“I remember he had the prettiest skin I had ever seen. Flawless. So chocolate you could see yourself reflected in it,” Carrie Hall, my mother, recounted wistfully. On March 28, 1968, she had caught a glimpse of Martin Luther King Jr. when he came to Memphis, Tenn., to lead a march for sanitation workers. It quickly descended into a police-provoked riot fueled by tear gas and bullets. My mother remembers fleeing for her life to the safety of her home, mere blocks from the Lorraine Motel. Seven days later, King would be murdered at that very motel, a sniper’s bullet piercing his flawless brown skin.
My mother’s brush with history became the bedrock of my play The Mountaintop, a reimagining of King’s last night on earth before his assassination. A conversation between the civil rights leader and a hotel maid named Camae weaves through the night as King wrestles with the weight of his legacy.
Imagine my surprise when, on Oct. 4, 2015, at midnight in London, I received an email from a colleague sending me a link to Kent State University’s amateur production of the play. The actor playing King stood there, hands outstretched, his skin far from chocolate but a creamy buff. At first glance I was like, “Unh-uh, maybe he light-skinned. Don’t punish the brother for being able to pass.” But further Googling told me otherwise.
Director Michael Oatman had indeed double-cast the role of King with a black actor and a white actor for a six-performance run at the university’s Department of Pan-African Studies African Community Theater. Kent State had broken a world record; it was the first Mountaintop production to make King white.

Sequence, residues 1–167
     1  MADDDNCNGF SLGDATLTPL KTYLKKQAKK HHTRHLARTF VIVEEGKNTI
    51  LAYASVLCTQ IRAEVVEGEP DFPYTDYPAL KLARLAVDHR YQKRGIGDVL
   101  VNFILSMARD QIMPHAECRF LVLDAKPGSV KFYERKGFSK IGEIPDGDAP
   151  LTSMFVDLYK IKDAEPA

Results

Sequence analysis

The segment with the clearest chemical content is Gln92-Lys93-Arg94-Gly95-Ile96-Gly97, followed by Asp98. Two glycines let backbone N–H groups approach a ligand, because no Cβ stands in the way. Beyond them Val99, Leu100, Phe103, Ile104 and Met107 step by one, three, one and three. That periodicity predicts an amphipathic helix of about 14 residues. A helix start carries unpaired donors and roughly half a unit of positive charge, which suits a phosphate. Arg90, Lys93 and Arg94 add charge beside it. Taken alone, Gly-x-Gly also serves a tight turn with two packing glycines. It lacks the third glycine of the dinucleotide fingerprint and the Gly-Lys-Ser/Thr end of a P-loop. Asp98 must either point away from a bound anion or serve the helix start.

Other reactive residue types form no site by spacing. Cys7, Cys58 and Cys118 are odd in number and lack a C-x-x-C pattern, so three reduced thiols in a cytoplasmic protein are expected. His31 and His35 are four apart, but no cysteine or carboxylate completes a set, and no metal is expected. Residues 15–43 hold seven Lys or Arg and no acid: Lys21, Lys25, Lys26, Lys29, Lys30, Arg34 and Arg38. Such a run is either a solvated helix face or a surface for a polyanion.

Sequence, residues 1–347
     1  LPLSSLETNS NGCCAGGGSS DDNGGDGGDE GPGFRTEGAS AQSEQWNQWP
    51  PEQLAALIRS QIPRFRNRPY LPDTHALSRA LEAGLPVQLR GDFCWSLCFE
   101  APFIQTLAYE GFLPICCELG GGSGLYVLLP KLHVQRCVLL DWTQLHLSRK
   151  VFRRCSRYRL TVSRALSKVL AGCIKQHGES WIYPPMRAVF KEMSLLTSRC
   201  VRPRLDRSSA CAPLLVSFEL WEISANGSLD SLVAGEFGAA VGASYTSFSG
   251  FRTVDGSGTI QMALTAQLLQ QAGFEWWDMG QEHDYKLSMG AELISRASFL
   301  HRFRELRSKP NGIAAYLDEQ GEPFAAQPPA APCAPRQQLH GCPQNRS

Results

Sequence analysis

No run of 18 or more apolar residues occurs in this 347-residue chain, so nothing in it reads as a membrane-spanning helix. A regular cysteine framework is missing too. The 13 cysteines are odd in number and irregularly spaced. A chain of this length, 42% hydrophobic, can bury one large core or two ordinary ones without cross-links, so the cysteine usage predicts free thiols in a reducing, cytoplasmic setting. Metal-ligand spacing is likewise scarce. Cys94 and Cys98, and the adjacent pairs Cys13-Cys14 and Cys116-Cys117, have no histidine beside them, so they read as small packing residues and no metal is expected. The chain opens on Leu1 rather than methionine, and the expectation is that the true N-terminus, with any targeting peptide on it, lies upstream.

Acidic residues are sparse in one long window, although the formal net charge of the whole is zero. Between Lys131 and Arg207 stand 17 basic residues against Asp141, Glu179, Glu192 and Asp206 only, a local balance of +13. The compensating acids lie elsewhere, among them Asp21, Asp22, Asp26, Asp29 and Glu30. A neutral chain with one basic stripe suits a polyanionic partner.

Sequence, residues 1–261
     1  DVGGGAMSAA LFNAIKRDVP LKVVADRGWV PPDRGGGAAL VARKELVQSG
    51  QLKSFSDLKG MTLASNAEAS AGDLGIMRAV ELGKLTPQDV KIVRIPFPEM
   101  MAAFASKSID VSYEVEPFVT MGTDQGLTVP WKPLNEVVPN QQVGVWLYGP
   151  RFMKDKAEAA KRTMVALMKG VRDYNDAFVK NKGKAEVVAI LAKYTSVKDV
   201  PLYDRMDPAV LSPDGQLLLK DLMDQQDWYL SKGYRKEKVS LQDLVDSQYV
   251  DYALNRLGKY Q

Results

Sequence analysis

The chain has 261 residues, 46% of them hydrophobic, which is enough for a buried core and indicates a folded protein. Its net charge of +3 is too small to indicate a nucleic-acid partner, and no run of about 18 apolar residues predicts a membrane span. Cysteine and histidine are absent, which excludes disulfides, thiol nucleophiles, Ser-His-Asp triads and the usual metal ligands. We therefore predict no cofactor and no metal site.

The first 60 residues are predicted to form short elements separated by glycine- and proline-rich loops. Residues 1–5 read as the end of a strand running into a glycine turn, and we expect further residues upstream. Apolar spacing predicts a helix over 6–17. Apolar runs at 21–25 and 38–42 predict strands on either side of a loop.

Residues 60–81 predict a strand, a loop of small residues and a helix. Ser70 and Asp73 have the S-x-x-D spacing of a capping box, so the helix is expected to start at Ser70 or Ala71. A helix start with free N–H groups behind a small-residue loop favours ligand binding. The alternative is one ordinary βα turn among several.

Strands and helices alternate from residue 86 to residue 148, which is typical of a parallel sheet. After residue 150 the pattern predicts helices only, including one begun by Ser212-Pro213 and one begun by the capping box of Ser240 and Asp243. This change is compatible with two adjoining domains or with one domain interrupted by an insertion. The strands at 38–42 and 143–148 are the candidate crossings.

Rage would come in the morning, but that night my jet-lagged self was fit to be tired. A weak sigh was followed by a quick forwarding of the email to my agent, who promptly reached out to Dramatists Play Service, which quickly sent a damning letter to the university about the race-revisionist casting. “While that might be considered an interesting experiment, it is also—quite clearly—not what the author wrote or intended.” Well, a playwright’s good intentions be damned.
While it is true that I never designated in the play text that King and Camae be played by black actors, reading comprehension and good-old scene analysis would lead any director to cast black or darker-complexioned actors. Hell, even in Russia, where black actors are scarce, the theater moved mountains to cast two black actors for the reading.
Neither the director nor the school consulted me or Dramatists Play Service regarding this experiment (though I have been told by a Twitter follower who lodged a complaint that the university claimed that I had spoken to the director and had given him creative license: #baldfacedlie).
In the wake of the Kent State production, the following clause has been added to my licensing agreement: “Both characters are intended to be played by actors who are African-American or Black. Any other casting choice requires the prior approval of the author.”
Almost a month after the production’s closing, I was finally able to speak with Oatman, who expressed that he felt there was no “prohibition against nontraditional casting.” When I asked him “Why?” he once again responded, “I just didn’t think there was. I wanted to see if a white actor, or a light-skinned actor, had the same cultural buy-in and could portray Dr. King.” (Huh!?!?) “Dr. King is not just a prominent African American, he’s a prominent American. Why can’t an American play another prominent American?”
Oatman continued on, detailing the reactions. A lot of curious folks stayed to see this white King, but many walked out. There was a trio of older black women who stormed out during the intermission-less play, the commotion they made as they pushed past onlookers pulling focus from the actors onstage. Two plays were happening at once when there should only have been one.
If Oatman were truly interested in finding out how, as he said, the “words rang differently or indeed the same, coming from two different actors, with two different racial backgrounds,” he lost a grand opportunity. No talkbacks were scheduled to truly measure the success of Oatman’s experiment about “racial ownership and authenticity.” With a playwright’s intention being dangerously distorted, Oatman’s experiment proved to be a self-serving and disrespectful directing exercise for a paying audience.